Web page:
Each group was escorted by one of our volunteers, local culture enthusiasts who lacked the income to see live events. They went to most of the performances, but occasionally my boss would assign me a show she thought I should see. One of these was a revival of Sam Shepard’s “True West” at the Magic Theater, which had launched first production of the play in 1980. I had never seen a Shepard play before and probably would have been impressed by any of them, but seeing “True West” in the small theater where it originated was an indelible experience. As the brothers Austin and Lee argued, drank, fought and switched personalities, I knew I was seeing a work of genius.
Sam Shepard’s side career as an actor certainly garnered him more fame and money than his career as a playwright, and like most people I’ve seen a lot of his movies. Most put him in supporting roles, where his handsome, lone cowboy looks and quiet charisma had maximum impact. Each time he appeared onscreen, whether in “Frances,” “Crimes of the Heart,” “The Assassination of Jesse James by the Coward Robert Ford,” or any number of others, I felt a wave of excitement followed by a sense of relief. Whenever Shepard showed up, the film always got better.
Hearing of his death yesterday made me wonder who would fill his shoes, both as a playwright and actor. In the former category, comparisons to Williams and O’Neill are easier than those to younger American playwrights, whose work seems paler and less universal. And in an era where young American actors stay boyish throughout their careers, the Sam Shepard roles increasingly go to Australian, Irish, Scottish or English actors. Shepard himself was often compared to Gary Cooper, a Montana native he resembled both physically and stylistically, but who will remind us of Sam Shepard?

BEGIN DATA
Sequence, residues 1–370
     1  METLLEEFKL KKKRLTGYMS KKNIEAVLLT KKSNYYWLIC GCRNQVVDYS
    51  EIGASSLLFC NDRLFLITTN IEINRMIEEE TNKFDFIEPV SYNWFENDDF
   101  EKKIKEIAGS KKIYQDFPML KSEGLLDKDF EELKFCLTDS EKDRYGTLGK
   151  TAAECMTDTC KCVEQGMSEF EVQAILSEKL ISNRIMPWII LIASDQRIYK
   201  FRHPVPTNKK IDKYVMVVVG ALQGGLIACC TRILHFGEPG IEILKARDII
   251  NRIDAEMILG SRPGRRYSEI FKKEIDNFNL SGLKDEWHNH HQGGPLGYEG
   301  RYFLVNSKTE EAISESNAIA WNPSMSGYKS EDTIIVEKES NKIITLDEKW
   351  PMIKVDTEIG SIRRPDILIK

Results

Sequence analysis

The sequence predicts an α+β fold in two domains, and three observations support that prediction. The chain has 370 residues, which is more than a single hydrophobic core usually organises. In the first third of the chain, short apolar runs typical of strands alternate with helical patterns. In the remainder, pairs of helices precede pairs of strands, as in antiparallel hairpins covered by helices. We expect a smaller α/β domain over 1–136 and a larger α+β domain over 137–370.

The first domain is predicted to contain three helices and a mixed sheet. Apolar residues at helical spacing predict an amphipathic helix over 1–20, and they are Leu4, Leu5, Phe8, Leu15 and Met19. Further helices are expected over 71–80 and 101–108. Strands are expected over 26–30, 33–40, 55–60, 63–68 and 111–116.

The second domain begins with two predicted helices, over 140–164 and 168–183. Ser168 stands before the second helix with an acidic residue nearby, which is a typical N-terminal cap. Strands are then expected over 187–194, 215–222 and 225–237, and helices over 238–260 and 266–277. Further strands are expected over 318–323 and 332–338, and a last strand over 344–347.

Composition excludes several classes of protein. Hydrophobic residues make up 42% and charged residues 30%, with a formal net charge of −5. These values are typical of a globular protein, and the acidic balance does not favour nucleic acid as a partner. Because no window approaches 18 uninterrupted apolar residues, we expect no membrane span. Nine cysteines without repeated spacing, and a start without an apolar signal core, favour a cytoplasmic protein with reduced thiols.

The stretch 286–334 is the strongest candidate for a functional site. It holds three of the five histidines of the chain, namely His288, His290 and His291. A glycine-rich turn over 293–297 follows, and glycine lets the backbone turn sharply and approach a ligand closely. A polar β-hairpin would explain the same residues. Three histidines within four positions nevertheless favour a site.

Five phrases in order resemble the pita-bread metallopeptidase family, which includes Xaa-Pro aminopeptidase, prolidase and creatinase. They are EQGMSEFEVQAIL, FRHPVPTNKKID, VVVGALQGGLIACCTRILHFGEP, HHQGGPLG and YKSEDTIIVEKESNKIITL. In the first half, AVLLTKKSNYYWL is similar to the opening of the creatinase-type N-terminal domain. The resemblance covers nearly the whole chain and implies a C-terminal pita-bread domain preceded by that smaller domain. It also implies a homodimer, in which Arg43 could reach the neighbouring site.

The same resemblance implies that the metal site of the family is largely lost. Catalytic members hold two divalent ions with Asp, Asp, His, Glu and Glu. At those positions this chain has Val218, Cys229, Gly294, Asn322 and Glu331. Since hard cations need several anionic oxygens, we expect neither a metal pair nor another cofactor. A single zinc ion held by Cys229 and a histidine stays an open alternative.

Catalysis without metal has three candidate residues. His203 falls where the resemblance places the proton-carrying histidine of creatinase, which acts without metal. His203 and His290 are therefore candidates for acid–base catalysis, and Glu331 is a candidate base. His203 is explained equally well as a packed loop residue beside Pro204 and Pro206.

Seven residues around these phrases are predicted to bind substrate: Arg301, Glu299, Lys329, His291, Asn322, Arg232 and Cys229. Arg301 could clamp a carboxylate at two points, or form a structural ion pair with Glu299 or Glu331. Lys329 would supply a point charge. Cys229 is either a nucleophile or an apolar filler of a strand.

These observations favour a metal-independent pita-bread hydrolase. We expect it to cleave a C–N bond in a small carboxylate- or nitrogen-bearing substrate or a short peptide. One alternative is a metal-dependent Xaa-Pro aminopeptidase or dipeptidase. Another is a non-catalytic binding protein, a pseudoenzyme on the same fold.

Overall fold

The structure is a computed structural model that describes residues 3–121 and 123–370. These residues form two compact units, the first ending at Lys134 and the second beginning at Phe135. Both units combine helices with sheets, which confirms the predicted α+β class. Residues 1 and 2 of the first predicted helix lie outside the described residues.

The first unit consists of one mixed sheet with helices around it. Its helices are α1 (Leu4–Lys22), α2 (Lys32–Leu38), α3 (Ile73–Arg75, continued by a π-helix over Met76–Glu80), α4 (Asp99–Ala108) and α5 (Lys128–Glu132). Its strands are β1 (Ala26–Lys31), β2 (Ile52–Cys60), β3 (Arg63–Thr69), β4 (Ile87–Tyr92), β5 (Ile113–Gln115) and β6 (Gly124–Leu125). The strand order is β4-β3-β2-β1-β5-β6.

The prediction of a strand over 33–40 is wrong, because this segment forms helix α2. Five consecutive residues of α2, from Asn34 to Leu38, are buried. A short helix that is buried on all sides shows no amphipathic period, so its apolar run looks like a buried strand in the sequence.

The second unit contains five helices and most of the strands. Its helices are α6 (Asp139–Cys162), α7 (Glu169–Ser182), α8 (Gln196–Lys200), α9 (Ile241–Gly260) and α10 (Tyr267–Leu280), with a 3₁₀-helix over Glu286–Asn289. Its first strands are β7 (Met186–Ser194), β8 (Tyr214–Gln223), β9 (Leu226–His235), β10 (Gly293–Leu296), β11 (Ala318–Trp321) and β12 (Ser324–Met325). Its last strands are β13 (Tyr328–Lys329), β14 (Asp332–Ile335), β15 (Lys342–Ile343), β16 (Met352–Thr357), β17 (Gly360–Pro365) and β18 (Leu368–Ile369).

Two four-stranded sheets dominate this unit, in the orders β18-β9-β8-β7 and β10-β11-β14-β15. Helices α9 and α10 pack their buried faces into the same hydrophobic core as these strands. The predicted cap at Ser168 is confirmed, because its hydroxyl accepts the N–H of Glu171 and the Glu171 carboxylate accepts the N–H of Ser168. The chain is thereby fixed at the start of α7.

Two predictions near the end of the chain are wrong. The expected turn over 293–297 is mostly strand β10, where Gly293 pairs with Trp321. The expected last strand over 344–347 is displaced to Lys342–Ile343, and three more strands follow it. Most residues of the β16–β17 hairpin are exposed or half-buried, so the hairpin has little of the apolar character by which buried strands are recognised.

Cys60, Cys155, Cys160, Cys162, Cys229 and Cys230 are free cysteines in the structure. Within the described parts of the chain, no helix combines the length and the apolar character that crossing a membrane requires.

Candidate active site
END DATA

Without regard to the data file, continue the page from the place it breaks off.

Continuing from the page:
June 29, 2017 § Leave a comment
“Funeral Parade of Roses,” by the late Toshio Matsumoto, premiered in Japan in 1969 but was not seen in the United States until 1970, probably because of its depictions of gay sex, drug use and violence. Matsumoto, who for most of his career was an academic and an experimental filmmaker, sets his story in the demimonde of Tokyo’s Shinjuku district. His characters are gangsters, filmmakers, student rioters and trans women. Most of the action takes place in a gay club whose gangster owner, Gonda (Yoshio Tsuchiya), is pitting Leda, the “mama” (Osamu Ogasawara), against a younger rival, Eddie (Peter), who aspires to succeed her as the hostess. As the lover of both Leda and Eddie, Gonda sets in motion a tragedy of Greek proportions.
“Funeral Parade of Roses” is at once an art film, a black comedy, a feature film, soft core porn, a film-within-a-film, a horror flick, a political commentary and a retelling of “Odeipus Rex”–and I’ve probably missed a few genres. It references Man Ray’s photographs and French Cinema, and is beautiful, messy and brilliant. The film was a major influence on Stanley Kubrick, who borrowed from it in “A Clockwork Orange” and “Eyes Wide Shut.” Despite being nearly fifty years old, “Funeral Parade of Roses” received a wildly enthusiastic reception from a mostly young audience at Cinefamily the night I saw it. It will be released on DVD and deserves its praise.